MiR-29b belongs to the miR-29 family, consisting of miR-29a, miR-29b-1, miR-29b-2, and miR-29c. MiR-29a and miR-29b-1 are located at chromosome 7q32, and miR-29b-2 and miR-29c are located at chromosome 1q32. Increasing evidence suggests the antifibrotic role of miR-29 in various tissues, as it inversely modulates several mRNAs encoding ECM proteins, such as COL1A1, COL1A2, COL3A1, elastin, fibrillin 1, and connective tissue growth factor [29,30,31]. In lung fibroblasts and mouse embryonic fibroblasts, it was demonstrated that the expression of miR-29 is negatively regulated by TGF-β/Smad3 [31,32]. Furthermore, it was demonstrated that TGF-β-induced loss of miR-29b expression occurs via Smad3 instead of Smad2 [32]. Qin et al. showed that Smad3 interacts with the miR-29b promoter and that miR-29b may be a transcriptional target of TGF-β/Smad 3 signaling [32]. In addition to being affected by Smad3, we further demonstrated that TGF-β-reduced miR-29b may be mediated by an increase in H19, which impedes the effects of miR-29b. In HSCs, the transfection of an miR-29b precursor was shown to blunt the increased expression of α-SMA, FN1, and platelet-derived growth factor receptor-β [29]. Similarly, overexpression of miR-29b inhibited TGF-β-stimulated collagen I and III (but not α-SMA) in mouse embryonic fibroblasts [32]. In line with these results, we demonstrated the antifibrotic role of miR-29b in fBMFs and showed that the downregulation of COL1A1 was due to the direct suppression of miR-29b. Nevertheless, there was a discrepancy in the effect of miR-29b on α-SMA. It was reported that no miR-29-binding sites were detected on the 3′UTR of α-SMA using multiple computational algorithms [19,32], and that the expression of α-SMA was not affected by miR-29b in mouse embryonic fibroblasts or renal proximal tubular cells [32]. However, α-SMA was found to be repressed following miR-29b overexpression in other types of cells, including C2C12 myoblast cells [19], mouse primary HSCs [29], and fBMFs. These findings suggest that miR-29b may not only inhibit fibrosis through directly targeting COL1A1, but also exert its antifibrotic property through other unidentified mechanisms. Further studies will be needed to elucidate the regulation of α-SMA by miR-29b. Whereas most studies have focused on the alteration of associated molecules following modulation of miR-29b, in the present study, we demonstrated that both H19 and miR-29b had significant effects on myofibroblast phenotypes. The suppressed myofibroblast activities in both H19-silencing and miR-29b-overexpressing fBMFs may partially be due to the reduction in collagen I, as collagen and collagen-degradation peptides have been demonstrated to function as chemotactic stimuli for fibroblast migration [33,34].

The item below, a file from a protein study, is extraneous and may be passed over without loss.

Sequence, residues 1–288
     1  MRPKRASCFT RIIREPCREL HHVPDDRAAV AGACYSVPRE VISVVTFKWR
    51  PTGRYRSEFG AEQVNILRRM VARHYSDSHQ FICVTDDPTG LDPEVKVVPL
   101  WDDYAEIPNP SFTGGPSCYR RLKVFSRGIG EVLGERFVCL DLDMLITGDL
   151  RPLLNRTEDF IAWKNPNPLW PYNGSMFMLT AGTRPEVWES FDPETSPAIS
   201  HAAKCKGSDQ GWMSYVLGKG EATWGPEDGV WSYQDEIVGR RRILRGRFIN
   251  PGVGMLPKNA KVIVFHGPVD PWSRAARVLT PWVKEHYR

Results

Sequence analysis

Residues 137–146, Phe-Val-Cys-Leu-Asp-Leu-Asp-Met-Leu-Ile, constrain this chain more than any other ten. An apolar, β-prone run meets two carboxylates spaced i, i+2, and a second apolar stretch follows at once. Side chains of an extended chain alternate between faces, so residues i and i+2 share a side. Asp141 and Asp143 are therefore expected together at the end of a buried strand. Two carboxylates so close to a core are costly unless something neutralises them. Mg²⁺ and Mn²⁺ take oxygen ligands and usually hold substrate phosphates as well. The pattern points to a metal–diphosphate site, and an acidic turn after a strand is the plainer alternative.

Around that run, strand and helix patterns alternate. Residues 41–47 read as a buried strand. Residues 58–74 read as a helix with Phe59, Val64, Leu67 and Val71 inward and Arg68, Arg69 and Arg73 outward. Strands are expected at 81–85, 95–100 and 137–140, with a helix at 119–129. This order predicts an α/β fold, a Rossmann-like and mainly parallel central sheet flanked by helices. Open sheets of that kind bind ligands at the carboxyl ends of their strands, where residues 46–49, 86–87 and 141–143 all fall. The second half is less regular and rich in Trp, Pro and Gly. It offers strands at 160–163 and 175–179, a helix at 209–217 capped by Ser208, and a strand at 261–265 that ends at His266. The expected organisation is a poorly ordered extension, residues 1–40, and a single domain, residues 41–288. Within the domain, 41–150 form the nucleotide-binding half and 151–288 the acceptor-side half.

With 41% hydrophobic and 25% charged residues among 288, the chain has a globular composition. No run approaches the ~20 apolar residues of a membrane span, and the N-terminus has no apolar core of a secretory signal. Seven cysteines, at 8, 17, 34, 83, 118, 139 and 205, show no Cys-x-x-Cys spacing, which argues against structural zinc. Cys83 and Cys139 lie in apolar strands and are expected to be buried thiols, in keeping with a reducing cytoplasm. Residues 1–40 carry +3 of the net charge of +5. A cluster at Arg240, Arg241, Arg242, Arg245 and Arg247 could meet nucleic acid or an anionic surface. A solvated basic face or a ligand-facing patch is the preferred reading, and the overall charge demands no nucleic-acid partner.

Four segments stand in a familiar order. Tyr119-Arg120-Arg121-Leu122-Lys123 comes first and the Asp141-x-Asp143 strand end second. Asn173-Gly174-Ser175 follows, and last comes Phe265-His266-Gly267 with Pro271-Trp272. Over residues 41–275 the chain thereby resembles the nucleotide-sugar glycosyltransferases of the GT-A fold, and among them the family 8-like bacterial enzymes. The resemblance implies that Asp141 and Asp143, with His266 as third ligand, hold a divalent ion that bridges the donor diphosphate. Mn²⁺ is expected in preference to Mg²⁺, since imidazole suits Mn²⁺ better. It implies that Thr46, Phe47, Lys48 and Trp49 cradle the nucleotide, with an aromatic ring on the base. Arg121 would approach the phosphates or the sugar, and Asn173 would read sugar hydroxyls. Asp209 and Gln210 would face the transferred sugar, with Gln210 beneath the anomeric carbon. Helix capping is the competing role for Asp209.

4. Materials and Methods

4.1. Chemicals

Arecoline, SB431542 (a specific inhibitor of the TGF-β type I receptor), and collagen solution from bovine skin were purchased from Sigma-Aldrich (St. Louis, MO, USA). Arecoline stimulation was applied for the induction of myofibroblast transdifferentiation [2] and a collagen solution was used for collagen gel contraction analysis.

4.2. Tissue Acquisition

As for tissue collection, all procedures followed the tenets of the Declaration of Helsinki and were reviewed by the Institutional Review Board of Human Subjects Research Ethics Committee at Chung Shan Medical University, Taichung, Taiwan (approval number: CSMUH No. CS2-16142 (approval number: CSMUH No. CS2-16142; approval date: 10/05/2017). A total of 20 histological fibrotic mucosa or normal tissues were obtained from OSF patients or normal subjects recruited at the Department of Dentistry, Chung Shan Medical University Hospital.

4.3. Cell Culture

Upon approval by the Institutional Review Board of the Chung Shan Medical 364 University Hospital (approval number: CSMUH No: CS2-16142), two normal human BMFs isolated from normal controls, two fBMFs isolated from OSF tissues, and 293T cells were maintained in Dulbecco’s modified Eagle’s medium (DMEM) containing 10% v/v foetal bovine serum (FBS) (Thermo Fisher Scientific, Inc., Carlsbad, CA, USA) and 1% streptomycin/penicillin (Hyclone, Logan, UT, USA) as previously described [18].